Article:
Authentic travel opens us up to fuller travel experiences through several approaches. These include avoiding deserts of the real, enjoying cultural experiences that resonate with people of that culture and finding ways to be present in the moment. So an authentic staycation is actually possible. Here are five ideas for creating one for yourself.
1. See a place in your town through a child’s eyes.
This is especially refreshing when you enlist a child not in your daily life. We don’t have children, but when we host friends or family with kids, it’s fun to anticipate,and explore, what will interest them. And if you do have children or grandchildren, the perspective of another child might offer new insights and experiences.
It always surprises me how much fun adults have in places geared to the young. And from a city planning perspective, playgrounds and other child-friendly locales are critical to livable cities. If your staycation planning reveals a shortage of these in your town, consider what might be done differently and bring it to the attention of your city council. Other child-friendly spots include beaches, lakes and rivers with child-friendly facilities; local pettting zoos or other places to encounter domestic animals; and local museums with child-friendly exhibits.
2. Attend a Fall fair and/or local farmer’s market
Make it a fresh experience by choosing one in a neighbourhood or adjacent community where you seldom visit. Not long ago we attended a local fair in Cobble Hill, a community an hour north from our home. It’s also in the Cowichan Valley, a region becoming known further afield for its great produce and wines.
Cobble Hill Fall Fair
Farming district, Salt Spring Island
More recently we were back on Saltspring Island, which was Canada’s number one exporting region for apples 100 years ago, and still grows beautiful heirloom varieties. It also produces wonderful goat and other milder cheeses popular outside the region. The link to authenticity? As urban scholar Sharon Zukin notes, authentic culture includes a distinct terroir, or regional food culture with its own traditions. Wherever you live, consider voting with your wallet by rubbing shoulders with, and buying directly from, local food producers.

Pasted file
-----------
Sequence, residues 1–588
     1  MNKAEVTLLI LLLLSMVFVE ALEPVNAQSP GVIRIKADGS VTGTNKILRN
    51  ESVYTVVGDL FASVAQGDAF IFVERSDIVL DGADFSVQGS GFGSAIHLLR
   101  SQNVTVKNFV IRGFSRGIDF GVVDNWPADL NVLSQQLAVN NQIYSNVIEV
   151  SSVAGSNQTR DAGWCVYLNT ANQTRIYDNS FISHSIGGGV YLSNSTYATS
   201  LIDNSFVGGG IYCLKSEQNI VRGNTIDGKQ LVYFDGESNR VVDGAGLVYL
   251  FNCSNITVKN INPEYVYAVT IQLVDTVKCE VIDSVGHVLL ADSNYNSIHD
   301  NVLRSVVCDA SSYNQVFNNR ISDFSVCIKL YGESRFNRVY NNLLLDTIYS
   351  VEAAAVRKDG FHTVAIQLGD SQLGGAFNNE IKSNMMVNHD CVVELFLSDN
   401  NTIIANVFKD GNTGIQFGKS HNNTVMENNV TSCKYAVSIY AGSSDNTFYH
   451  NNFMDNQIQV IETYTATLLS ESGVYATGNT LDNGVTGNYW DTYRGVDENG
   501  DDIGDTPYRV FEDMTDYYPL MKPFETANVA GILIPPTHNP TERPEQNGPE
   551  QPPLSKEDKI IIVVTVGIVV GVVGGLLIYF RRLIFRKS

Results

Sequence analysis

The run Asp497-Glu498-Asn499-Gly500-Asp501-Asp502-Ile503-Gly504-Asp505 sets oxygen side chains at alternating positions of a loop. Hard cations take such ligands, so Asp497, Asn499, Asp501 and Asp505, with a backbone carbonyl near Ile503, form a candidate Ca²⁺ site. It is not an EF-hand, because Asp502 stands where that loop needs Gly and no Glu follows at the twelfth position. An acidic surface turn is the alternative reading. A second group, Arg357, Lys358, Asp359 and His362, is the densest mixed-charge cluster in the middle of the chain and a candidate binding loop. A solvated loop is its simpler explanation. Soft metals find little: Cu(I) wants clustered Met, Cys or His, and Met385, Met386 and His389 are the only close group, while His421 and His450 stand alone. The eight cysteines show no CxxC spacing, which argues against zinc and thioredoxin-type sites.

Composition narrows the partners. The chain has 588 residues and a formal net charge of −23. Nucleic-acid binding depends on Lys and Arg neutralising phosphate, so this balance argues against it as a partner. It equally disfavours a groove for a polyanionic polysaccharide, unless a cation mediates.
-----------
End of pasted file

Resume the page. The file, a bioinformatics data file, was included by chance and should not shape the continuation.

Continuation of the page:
3. Volunteer at an historic site in your town.
I’m a big Downton Abbey fan and I work from home, which means I need to get out more. Eventually, I figured out how to meet both needs: volunteering at an historic site. For me, this was a mansion designed like a castle, built in 1890. This type of volunteering allows you to spend time in a beautiful destination, and to meet other people with shared interests. Plus it exposes new layers of your city’s history with each shift you work. As a local you are less likely to view historic sites through rose-coloured glasses. And understanding the past can help clarify certain aspects of the present. For the record, I volunteer at Craigdarroch Castle, owned and run by a non-profit preservation society. I highly recommend it to visitors and locals alike.
4. Google your town and find out what are the biggest tourist attractions.
Choose an activity tourists seem to like and which you consider inauthentic. Do it yourself -and see if you still feel the same way. If you don’t, why not? In our case, this would involve a tour on the local Hippo bus (an amphibious vehicle that lets you tour on land and from shallow waters at sea). I feel a bit like a hypocrite (pun intended) in admitting that we have not yet done this -but we will!
5. Spend the day at a spa in a local hotel.
Okay, this isn’t really an authentic travel experience. But if you’ve followed the other four suggestions, you’ve earned the right to some R & R. Look for local hotels that you consider attractive and have sparked your curiosity. Many hotels also let you use their pools with a spa service purchase.
This post has suggested five ideas for creating your own authentic staycation. They are also a great way to deepen your own community connections. There are other ideas for autentic staycations out there, just waiting to be discovered. I would love to hear yours.Advertisements